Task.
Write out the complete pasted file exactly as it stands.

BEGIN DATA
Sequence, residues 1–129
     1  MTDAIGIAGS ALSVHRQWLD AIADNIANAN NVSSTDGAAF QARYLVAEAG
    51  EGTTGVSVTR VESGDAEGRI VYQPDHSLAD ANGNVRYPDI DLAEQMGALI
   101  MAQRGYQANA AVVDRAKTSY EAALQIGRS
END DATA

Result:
Sequence, residues 1–129
     1  MTDAIGIAGS ALSVHRQWLD AIADNIANAN NVSSTDGAAF QARYLVAEAG
    51  EGTTGVSVTR VESGDAEGRI VYQPDHSLAD ANGNVRYPDI DLAEQMGALI
   101  MAQRGYQANA AVVDRAKTSY EAALQIGRS